Ah! Wisdom

Ah! Wisdom

We Protesting Protestants are (more often than not – be honest) averse to Christian instruction that talks of rules or maxims, for we have shed the Pharisaical and Catholic yoke of a Religion of Rules.

Pah!

We 500+1 Protestants are basically averse to authority; we don’t like being told what to believe or how to behave, and we have the post-Reformation but un-Enlightened opinion that “Rules: they is bad!”

I highly commend this video below. I came across these maxims a few years ago and, like Luther, nailed (or rather blue-tac-ed) them to the wall in my study at church.  Like Luther’s 95 Theses on the Wittenberg Door, they’re not on my wall now, but I hope in all the wisdom and mercy of Christ that they become me and I become them, that I may not be found a prisoner to rules, but a free man in Christ.

May the same be true for you too. All grace to you.

I bumped into a JW…..

I bumped into a JW…..

…..and it didn’t hurt.  They were a trio of lovely people.  One of whom I had met several times until, I suspect, she (a 70+ Italian living in England) was banned from visiting me; I can only assume that was the case, since her frequent visits stopped so suddenly.  It may have been my poor tea making ability, but in all honesty, I do pride myself on making pretty dang good tea!

Anyhoo, the trio were loitering around the cliffs of Devon whence I came upon them.  I have a love for these people “of faith” and tried to convey as much.  As soon as it was revealed, like a dirty secret on EastEnders, that I was a “Christian”, and worse, a “Baptist minister”, well, all manner of gehenna and rotten-exegesis broke loose.

I wanted to go down the relational, friendly, understanding, “liberal”, loving route, but was thwarted by the doctinaire police from the school of eisegetical proof-texting sloganeering.  I really wanted to love these beloved personages towards the love of God, but they seemed intent, bent…..hell-bent on bringing to the fore an apocalyptic Hebrew Scriptural Hermeneutic that astounded, but sadly, didn’t surprise me.

What do I mean, I hear you sigh?  Well, for one, the strength of their apologetic was rooted in an Old Testament apocalyptic rhetoric of judgment and retribution.  I know full well there are Pslams (other genre are available) that betray a particular aspect of sin and judgment and wotnot.  But, for the love of God, the love of God was not so much a silent witness, as more a total absentee; more AWOL than anything else (“You weren’t there man!”)

When asked what the primary message of Jesus was, it turned out to be a revenge attack on the wicked and immoral.  I asked, in all seriousness, with a straight face, “Did the coming of Jesus make any difference?”  “Yes!” they replied, before quoting extensively from the imprecatory Psalms.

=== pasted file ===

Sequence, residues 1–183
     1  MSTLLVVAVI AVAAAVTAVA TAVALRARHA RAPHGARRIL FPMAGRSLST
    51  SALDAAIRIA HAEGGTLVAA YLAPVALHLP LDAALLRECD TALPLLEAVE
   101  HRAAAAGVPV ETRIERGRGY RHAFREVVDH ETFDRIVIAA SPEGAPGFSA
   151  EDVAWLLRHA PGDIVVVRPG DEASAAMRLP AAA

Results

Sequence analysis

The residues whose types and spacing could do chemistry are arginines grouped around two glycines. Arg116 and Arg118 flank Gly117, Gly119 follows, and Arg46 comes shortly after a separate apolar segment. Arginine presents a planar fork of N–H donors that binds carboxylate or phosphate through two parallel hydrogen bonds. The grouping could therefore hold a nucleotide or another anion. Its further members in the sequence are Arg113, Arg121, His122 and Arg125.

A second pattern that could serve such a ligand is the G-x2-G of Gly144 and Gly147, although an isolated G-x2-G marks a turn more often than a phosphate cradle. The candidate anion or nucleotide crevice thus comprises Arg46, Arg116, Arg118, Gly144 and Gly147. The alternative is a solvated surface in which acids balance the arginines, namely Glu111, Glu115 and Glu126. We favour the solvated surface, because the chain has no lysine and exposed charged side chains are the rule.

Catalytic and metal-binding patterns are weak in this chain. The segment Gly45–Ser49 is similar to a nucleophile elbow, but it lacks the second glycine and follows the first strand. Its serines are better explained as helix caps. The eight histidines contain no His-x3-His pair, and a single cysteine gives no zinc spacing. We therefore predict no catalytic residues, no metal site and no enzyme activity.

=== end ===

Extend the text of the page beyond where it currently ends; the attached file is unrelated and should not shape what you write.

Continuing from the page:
My heart sank, whilst my eyebrows rose and my toes curled.  Jesus didn’t make a difference from a pre-Gospel; pre-incarnation; pre-logos-becoming-flesh text.

“Didn’t Jehovah say we will be his witnesses?”  Indeed my ill-learned friend, he did (Isaiah 43:10).  But why fixate on an Old Testament text when you could fixate on a New Testament text:  “…and you will be my (Jesus’) witnesses in Judea, Samaria….everywhere…”  (Acts 1:8).  Jehovah’s Witnesses-Jesus wtnesses….oh my brain can’t cope with this theological explication! 

What a great eye-brow was raised that day!  Like I’d invented the verse.  Anyway, that’s (not) a moot point.  The point is this.  Given the apocalypyical legerdemain, I thought I’d ask a simple question to my three friends, the Jehovah’s Witnesses:

“Where are the Jehovah’s Witness between AD 100 and when Charles Taze Russell decided to have a go in the 1870’s?”

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They said what…?

“It’s not the existence of God we’re bothered about but the existence of you who say you believe in him.”  Andrew O’Hagan

“Fundamentalism:  a religious way of being that manifests itself in a strategy by which beleaguered believers attempts to preserve their distinctive identity as a people of group in the face of modernity and secularisation.”  Malise Ruthven

Jesus came to save us from religion.”  Paul Tillich

“Revelation is a process not a printout.”  David Jenkins

“The one thought that possesses me most at this time and, I may say, has always possessed me, is that we have been dosing our people with religion when what they wanted was the true and living God.”  F. D. Maurice

“[He] demonstrates to the thoughtful eye how really irrational a rationalist philosopher can be.”  William Golding